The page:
What is Return on Assets All About?

We recently took a look at a profitability ratio called the Operating Cash Flow Margin, but did you know that there are lots of profitability ratios you can use to gauge the financial health of your small business? One of them is called the Return on Assets.

What is Return on Assets and How Do I Calculate It?

Return on Assets (simply abbreviated as ROA) is one way for you to calculate how good your assets are at generating revenue. Once calculated, ROA is expressed as a percentage. The calculation is pretty straightforward: all you need to do is divide net income by average total assets:

ROA = Net Income / Average Total Assets

Before looking at an example of how to find a company’s ROA, let’s brush up on the meaning of the terms used in the formula above. First, net income: also known as the “bottom line.” This is your business’s earnings for a given period once you have subtracted expenses, taxes, and the cost of goods sold (COGS). You can find net income on your income statement. Average total assets are found by adding together the total amount of assets (found on your balance sheet) at the end of the current fiscal year with the total amount of assets from the preceding year, and dividing the result by two.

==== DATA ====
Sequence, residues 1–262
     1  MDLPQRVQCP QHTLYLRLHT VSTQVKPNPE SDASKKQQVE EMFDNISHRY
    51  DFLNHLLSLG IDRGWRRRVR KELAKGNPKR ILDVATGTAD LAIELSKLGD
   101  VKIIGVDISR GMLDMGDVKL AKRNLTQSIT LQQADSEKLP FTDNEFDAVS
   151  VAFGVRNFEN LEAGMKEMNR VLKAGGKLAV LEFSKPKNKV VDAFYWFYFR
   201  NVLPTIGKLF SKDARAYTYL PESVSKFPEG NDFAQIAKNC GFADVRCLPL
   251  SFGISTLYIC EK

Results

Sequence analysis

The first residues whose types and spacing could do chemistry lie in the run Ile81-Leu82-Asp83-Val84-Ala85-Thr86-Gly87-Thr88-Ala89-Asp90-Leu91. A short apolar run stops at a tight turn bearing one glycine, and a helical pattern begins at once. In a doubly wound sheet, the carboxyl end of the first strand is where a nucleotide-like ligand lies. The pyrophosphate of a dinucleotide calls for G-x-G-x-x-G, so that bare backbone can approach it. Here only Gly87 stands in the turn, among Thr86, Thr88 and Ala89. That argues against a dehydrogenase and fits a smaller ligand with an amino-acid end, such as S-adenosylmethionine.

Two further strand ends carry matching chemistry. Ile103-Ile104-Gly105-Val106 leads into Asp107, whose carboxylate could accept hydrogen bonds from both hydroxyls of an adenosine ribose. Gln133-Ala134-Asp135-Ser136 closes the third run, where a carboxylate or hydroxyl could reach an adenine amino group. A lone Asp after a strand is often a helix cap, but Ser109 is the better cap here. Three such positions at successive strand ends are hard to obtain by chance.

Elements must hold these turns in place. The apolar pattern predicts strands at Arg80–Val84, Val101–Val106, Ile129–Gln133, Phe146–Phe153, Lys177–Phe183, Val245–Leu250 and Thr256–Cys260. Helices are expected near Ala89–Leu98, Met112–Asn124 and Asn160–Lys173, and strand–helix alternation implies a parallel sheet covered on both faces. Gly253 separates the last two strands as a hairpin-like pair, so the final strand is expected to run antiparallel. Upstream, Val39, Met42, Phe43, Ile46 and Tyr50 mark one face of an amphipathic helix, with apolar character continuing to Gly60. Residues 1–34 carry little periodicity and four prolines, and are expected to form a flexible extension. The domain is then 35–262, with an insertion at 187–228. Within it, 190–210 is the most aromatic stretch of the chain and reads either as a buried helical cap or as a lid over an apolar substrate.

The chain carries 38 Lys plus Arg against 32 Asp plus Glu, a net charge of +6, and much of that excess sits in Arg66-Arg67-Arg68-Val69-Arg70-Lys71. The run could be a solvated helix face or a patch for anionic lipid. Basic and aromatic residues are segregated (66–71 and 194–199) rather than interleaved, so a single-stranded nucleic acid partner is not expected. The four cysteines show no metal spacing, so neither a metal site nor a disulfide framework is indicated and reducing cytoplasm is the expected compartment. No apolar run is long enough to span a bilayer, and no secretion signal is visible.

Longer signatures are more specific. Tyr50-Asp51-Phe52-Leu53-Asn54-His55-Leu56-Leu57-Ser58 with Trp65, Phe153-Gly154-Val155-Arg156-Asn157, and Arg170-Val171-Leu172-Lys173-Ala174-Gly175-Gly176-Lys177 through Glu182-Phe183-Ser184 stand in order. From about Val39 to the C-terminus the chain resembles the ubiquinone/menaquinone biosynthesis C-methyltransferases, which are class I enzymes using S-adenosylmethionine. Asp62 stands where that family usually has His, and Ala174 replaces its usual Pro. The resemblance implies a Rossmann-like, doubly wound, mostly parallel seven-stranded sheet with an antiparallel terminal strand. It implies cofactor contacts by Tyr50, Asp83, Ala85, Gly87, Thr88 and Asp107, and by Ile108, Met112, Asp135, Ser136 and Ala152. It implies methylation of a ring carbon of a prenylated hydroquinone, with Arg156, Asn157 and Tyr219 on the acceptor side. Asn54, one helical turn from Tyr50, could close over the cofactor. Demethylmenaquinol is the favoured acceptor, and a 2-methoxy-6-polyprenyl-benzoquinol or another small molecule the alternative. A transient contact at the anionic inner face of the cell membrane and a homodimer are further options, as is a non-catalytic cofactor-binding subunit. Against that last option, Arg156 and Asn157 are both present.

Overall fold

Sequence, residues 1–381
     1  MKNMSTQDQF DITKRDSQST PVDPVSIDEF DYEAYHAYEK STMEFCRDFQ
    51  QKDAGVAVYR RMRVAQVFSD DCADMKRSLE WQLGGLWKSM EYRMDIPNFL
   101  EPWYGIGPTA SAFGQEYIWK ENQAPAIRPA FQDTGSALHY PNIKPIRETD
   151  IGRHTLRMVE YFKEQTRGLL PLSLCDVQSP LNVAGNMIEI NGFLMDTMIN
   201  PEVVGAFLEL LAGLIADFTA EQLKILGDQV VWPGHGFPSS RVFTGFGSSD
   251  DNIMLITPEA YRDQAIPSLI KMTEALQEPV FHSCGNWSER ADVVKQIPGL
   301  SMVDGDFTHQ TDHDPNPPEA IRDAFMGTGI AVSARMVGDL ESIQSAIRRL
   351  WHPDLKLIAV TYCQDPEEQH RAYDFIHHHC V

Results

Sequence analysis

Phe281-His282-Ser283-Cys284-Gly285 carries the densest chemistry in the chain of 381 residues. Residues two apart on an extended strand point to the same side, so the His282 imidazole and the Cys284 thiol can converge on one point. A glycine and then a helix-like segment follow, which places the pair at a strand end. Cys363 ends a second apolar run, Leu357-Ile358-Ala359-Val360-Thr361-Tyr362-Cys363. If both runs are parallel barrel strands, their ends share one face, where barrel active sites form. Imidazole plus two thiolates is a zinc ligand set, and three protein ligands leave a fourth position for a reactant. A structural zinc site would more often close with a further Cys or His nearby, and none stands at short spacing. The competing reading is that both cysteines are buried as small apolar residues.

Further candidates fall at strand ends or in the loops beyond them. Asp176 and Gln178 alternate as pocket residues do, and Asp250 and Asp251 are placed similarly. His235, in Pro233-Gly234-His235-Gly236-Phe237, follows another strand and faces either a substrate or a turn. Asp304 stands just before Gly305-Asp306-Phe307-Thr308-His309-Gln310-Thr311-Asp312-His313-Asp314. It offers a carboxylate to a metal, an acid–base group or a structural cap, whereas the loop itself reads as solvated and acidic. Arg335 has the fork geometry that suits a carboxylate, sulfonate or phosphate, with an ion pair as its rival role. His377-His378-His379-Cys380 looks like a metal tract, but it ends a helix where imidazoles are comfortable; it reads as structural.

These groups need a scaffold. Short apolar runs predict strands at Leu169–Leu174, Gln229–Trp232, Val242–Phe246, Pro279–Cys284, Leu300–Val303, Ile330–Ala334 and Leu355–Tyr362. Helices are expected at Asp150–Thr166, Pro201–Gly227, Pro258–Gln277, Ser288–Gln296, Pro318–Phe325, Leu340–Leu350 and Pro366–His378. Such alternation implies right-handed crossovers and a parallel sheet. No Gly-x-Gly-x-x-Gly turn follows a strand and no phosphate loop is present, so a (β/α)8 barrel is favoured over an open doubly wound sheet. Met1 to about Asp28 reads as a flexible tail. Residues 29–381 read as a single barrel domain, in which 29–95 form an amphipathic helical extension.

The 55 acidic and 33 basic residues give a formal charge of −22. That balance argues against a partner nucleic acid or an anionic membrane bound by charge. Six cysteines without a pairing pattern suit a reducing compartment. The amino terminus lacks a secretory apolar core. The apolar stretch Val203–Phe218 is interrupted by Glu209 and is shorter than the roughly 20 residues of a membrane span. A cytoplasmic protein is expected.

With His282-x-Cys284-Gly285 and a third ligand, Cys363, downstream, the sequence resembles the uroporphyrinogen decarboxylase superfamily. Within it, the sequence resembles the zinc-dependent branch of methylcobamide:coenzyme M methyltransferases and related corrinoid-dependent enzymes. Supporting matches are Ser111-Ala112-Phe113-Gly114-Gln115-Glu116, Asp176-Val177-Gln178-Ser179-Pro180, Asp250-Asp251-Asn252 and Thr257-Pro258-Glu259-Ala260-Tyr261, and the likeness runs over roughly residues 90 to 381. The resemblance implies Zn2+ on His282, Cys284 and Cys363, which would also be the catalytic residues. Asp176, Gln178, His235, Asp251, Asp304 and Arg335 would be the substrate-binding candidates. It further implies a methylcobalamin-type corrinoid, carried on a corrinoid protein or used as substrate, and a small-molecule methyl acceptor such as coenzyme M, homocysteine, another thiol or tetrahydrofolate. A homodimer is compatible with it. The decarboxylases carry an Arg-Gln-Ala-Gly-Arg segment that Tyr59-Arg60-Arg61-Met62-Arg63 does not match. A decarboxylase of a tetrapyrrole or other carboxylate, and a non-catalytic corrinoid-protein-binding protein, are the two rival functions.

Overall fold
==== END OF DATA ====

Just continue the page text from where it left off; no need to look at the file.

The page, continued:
Now that we have a better idea of the terms making up our formula, let’s take a look at an example. Let’s say your company had a net income of $250,000 this year. Total assets for this fiscal year totaled up to $1.5 million, while last fiscal year they added up to $1 million. First, let’s find the average total assets: $1.5 million + $1 million = $2.5 million. Divide $2.5 million by 2, and we get average total assets of $1.25 million. Let’s plug these numbers into the ROA equation:

ROA = Net Income / Average Total Assets

ROA = $250,000 / $1,250,000

ROA = 0.20 or 20%

What’s the Ideal Ratio?

As you may have already guessed, ROA can vary wildly from company to company and industry to industry. This is mainly because some businesses are just more asset-intensive than others by the nature of what they do. Companies that rely on a lot of expensive equipment (part of their assets) to manufacture their product are an example of asset-intensive business. Naturally, the expectations around their ROA would have to take that factor in to account.

For this reason, most investors will be interested in comparing your ROA to the ROA of similar companies in your industry. Comparing your own company’s ROA year over year is another option in terms of gauging how effective your business is at utilizing its assets to generate profit. If you’re seeing an upward trend in ROA, that’s great! It means that your business’s profitability is improving, which is essential to not only sustaining your business, but allowing it to thrive.


Originally published at www.kashoo.com.